A similar setup has worked for clubs like Bournemouth in 2014-15. It’s difficult to imagine what Stoke fans reaction would be like if this year all we signed were 2 free agents, made a loan permanent and acquired a League One Striker, but that’s exactly what the Cherries did in their promotion season. That’s because in a similar vein to Wilder, Howe had brought in players from when he took over in League 1 that bought into his system and he was able to coach effectively to excel way beyond their market value suggests. It’s a testament to the effectiveness of this philosophy that 5 members of Bournemouth’s squad this season who played at least 20 games, were at the club when they were in League 1. It’s a model that’s reliable, low risk and inspires the fanbase. 

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Learning from the past….and present:

According to the old cliché, the Championship is the “hardest league to get out of”. This statement is, for the most part, true, but there are wide ranging options for how you go about achieving promotion. Stoke fans won’t tolerate another year of recruitment misfires, Scholes and Cartwright bore the ire of the fans for the first time vocally in the FA Cup this year and another year of failure will only see this worsen. However, there may be some green shoots if the team are learning from their previous gaffes, whether driven by Jones or not. Apparent Stoke interest in Lee Gregory and Adam Davies certainly shows a change in tack compared to last year’s debacle. It also fits very nicely into the recruitment models employed by Chris Wilder this year and Eddie Howe before him. Though cynics will say it’s the club cutting costs, Nathan Jones wants to coach and improve his players, using their natural commitment (Gregory is noted for his hard work and team play) to ensure he can fashion a cohesive system. A Norwich like system requires too much of a fundamental change for Stoke to employ in one summer, but a move towards transparency would do wonders to reinstall a degree of confidence in the “process”.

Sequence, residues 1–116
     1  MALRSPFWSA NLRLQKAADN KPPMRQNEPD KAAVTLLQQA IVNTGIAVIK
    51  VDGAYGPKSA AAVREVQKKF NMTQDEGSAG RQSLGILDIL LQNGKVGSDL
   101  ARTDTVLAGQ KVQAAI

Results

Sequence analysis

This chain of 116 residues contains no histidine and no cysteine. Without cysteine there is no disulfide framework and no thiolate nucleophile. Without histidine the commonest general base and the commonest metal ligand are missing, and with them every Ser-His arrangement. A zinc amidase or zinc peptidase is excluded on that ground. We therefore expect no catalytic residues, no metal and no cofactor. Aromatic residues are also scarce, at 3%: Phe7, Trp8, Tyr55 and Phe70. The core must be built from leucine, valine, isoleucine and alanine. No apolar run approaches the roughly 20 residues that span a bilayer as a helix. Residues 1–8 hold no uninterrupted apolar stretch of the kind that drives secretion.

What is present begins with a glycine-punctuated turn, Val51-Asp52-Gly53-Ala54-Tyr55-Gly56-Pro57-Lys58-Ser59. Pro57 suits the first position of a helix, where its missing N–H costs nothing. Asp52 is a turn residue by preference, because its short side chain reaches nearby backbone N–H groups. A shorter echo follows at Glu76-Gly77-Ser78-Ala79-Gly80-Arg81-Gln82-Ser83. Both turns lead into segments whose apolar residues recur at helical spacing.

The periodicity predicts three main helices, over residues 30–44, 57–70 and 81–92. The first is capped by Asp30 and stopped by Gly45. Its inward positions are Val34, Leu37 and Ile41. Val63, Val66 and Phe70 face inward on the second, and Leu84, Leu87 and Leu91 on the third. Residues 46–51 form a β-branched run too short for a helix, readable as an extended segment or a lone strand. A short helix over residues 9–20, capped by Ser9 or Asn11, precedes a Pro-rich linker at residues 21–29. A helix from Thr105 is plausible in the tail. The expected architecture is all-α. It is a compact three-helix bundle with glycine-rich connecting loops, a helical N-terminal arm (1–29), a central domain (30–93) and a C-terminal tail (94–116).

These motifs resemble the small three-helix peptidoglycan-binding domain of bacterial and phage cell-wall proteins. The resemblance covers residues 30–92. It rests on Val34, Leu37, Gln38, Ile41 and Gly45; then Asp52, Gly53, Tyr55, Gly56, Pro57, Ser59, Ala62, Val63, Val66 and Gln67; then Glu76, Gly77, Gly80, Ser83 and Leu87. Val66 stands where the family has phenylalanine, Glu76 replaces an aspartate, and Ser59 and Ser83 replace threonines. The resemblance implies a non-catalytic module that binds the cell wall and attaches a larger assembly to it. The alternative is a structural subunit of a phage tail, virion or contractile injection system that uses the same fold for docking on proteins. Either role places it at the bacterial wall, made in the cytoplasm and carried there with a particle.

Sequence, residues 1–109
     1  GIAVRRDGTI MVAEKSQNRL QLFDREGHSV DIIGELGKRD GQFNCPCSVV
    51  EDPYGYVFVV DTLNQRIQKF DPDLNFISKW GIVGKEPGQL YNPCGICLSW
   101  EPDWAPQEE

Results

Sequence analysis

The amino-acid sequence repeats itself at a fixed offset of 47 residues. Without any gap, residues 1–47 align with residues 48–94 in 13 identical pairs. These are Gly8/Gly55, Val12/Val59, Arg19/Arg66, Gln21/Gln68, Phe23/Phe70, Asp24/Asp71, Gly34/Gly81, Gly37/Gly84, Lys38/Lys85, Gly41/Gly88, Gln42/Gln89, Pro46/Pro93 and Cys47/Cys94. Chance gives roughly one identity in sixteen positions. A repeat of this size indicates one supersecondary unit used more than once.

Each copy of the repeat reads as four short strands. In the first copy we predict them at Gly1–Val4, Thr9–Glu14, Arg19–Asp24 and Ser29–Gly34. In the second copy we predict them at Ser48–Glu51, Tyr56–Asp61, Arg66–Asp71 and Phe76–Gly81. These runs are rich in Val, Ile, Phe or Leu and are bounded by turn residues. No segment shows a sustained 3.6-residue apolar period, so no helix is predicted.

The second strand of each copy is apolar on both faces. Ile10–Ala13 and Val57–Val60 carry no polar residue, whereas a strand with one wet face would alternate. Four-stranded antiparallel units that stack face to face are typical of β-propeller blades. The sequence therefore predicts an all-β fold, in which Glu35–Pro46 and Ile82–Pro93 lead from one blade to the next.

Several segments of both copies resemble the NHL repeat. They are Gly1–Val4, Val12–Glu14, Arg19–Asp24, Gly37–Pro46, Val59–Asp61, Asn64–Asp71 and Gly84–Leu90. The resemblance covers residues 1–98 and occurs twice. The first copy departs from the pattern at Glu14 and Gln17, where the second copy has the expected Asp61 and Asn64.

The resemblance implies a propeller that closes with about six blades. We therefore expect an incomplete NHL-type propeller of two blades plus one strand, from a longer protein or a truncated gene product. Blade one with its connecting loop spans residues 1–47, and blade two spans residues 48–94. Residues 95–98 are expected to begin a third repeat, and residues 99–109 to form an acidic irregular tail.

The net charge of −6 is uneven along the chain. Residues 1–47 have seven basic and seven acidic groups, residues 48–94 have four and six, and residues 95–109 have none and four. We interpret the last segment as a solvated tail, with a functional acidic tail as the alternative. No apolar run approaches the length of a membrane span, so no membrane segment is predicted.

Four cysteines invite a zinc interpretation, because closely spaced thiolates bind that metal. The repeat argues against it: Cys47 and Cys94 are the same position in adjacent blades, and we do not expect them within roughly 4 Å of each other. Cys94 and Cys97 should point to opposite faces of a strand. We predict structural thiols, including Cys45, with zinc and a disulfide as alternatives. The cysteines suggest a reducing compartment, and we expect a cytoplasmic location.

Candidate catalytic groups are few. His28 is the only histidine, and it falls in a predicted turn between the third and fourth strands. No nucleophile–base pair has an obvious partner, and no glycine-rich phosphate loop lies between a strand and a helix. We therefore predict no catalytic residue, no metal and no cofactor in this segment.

As Mason Mount, Harry Wilson and Fiyako Tomori overcame Leeds United at Elland Road, they underline the fact loan market can bolster Championship squads with genuine quality and enthusiasm, rather than redistribute Premier League cast-offs. Jones may have his eyes on plenty of available loanees to supplement his permanent dealings but whatever happens, a crucial summer awaits and Stoke fans wait with bated breath for improvement……after all, it can get much worse than Cuco Martina…..can it?

Matt Swift